Wi‘ your boatie and your song,
My ain bonnie maidens, my twa bonnie maidens,
For the night it is da
rk and the red coat is gone,
And ye are dearly welcome to Skye again.

There is Flora my honey,

So dear and so bonnie,

And ane that’s sae tall and sae handsome withal :

Put the ane for my King and the other for my Queen,

And they are dearly welcome to Skye again.

Come along, come along,

Wi‘ your boatie and your song,
My ain bonnie maidens, my twa bonnie maidens,
And saft shall ye rest, where the heather it is best,
And ye a
re dearly welcome to Skye again.’

When Flora Macdonald could no longer help the
Prince, he found other people ready to do so, and for
some time he lived with seven robbers, called the seven


men of Glenmoriston. These seven men had fought at
Culloden, and now, afraid to return to their homes, they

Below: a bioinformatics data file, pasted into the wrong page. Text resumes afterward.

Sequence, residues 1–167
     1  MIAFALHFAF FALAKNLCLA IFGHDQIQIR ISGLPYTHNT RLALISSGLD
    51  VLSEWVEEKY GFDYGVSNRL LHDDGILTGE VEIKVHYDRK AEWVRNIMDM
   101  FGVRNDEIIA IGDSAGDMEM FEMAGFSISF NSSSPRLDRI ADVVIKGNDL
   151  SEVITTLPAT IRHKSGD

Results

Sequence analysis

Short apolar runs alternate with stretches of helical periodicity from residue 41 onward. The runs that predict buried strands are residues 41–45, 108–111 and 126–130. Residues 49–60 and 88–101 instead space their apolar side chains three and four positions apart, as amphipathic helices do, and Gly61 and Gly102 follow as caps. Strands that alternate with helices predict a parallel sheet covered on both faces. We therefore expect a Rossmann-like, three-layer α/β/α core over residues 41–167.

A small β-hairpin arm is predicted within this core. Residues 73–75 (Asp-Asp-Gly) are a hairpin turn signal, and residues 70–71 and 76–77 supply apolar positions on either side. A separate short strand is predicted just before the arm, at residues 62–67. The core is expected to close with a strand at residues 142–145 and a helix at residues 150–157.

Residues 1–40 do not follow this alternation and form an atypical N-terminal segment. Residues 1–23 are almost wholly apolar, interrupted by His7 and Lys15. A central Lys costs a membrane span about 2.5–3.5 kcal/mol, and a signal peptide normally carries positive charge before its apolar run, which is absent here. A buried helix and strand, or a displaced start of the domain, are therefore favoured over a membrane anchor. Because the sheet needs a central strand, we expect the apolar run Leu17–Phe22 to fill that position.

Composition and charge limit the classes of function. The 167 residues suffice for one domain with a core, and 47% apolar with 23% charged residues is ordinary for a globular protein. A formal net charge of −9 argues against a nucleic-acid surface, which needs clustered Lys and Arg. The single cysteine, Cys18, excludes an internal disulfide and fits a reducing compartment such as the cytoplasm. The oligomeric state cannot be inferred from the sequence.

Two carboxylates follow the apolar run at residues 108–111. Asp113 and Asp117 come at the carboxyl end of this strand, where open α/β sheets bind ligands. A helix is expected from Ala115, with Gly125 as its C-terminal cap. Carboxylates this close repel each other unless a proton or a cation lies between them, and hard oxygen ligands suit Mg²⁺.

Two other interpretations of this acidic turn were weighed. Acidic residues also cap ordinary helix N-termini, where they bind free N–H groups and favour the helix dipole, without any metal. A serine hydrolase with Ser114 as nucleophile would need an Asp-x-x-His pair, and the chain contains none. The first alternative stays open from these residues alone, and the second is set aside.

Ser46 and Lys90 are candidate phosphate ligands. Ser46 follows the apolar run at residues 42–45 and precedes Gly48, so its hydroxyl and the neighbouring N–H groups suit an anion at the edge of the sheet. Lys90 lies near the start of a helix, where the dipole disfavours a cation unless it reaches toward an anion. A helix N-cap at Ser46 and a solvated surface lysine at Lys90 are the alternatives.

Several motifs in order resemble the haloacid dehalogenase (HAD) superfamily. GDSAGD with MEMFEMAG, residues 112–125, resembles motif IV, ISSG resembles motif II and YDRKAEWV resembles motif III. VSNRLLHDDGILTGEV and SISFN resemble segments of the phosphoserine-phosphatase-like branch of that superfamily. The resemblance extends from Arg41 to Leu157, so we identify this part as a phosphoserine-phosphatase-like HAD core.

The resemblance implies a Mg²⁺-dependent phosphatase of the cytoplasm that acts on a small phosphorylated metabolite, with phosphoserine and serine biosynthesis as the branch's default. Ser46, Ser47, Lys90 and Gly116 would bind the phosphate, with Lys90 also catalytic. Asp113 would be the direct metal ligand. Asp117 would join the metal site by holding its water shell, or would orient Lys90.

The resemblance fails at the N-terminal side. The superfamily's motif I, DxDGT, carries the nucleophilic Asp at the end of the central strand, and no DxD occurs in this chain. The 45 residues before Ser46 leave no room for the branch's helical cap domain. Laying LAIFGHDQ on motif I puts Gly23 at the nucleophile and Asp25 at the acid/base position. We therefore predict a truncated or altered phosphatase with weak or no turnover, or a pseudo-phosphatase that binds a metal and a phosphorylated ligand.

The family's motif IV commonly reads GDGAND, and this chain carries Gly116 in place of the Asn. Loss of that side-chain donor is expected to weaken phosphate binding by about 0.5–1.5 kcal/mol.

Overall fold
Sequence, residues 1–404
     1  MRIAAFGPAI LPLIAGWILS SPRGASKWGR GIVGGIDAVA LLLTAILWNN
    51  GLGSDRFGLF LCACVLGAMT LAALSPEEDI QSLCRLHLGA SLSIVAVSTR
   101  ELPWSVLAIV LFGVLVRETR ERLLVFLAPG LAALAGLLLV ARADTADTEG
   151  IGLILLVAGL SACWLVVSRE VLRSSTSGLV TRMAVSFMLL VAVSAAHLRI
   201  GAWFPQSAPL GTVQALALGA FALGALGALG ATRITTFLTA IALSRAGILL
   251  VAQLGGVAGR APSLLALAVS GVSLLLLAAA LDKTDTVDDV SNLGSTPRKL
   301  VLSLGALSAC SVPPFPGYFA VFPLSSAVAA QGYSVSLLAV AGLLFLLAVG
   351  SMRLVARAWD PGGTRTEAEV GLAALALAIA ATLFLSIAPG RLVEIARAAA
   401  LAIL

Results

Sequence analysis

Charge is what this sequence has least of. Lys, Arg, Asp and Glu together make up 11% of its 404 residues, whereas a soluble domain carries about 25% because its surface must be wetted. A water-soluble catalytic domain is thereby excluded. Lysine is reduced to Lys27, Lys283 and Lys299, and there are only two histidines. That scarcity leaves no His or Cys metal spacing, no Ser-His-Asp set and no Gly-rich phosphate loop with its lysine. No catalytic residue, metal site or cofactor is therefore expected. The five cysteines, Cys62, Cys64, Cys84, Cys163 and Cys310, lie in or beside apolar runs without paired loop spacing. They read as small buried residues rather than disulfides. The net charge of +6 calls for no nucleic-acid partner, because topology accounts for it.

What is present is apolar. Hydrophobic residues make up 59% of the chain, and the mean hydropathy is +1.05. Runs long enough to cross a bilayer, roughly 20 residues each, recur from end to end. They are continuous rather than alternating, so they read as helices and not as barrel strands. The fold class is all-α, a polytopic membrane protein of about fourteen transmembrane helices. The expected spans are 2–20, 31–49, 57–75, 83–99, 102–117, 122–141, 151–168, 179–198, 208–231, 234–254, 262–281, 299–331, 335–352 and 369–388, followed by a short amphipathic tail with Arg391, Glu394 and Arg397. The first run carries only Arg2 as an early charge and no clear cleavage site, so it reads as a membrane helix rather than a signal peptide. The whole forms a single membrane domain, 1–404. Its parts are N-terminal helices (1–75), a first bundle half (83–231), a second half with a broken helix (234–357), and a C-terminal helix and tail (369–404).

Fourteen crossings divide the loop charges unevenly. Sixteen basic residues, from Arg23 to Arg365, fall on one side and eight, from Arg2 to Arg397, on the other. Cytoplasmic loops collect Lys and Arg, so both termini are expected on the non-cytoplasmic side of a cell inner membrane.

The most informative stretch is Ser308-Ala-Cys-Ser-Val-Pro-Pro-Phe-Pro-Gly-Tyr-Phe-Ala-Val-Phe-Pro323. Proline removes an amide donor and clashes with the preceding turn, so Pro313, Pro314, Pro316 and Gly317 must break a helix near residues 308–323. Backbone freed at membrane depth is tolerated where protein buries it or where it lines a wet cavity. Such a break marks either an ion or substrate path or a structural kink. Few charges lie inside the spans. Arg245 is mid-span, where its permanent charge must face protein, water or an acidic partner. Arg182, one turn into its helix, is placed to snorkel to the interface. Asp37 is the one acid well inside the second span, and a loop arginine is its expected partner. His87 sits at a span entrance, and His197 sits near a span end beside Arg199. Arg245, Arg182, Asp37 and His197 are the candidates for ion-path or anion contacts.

led a wild life among the mountains. They hated the
Butcher Duke and his soldiers, and they attacked them
and stole from them whenever they could. Once, four of
them attacked, and put to flight, seven of the Duke’s
men, and another time they attacked a whole troop of
soldiers and carried off from them a herd of cattle which
they were driving to the camp.

The Prince was nearly starving when he came among
these wild men, for he had had nothing to eat for two
days. He was afraid to tell who he was, and pretended
that he was the son of a Highland chieftain. In spite of
his ragged clothes, however, the seven men knew the
Prince at once, but far from wishing to hurt him, they
were delighted, and bound themselves by a most solemn
oath to help him in every way. ‘ May our backs be to
God, and our faces to the Evil One, may all the curses
that the scriptures do pronounce be upon us and our sons
after us, if we do not stand firm to the Prince in the
greatest of dangers, or if we tell to any man, woman, or
child, that the Prince is in our keeping till once his person
is out of danger.’

And so well did they keep this oath, that the Prince
had been safe in France for a year, before they told any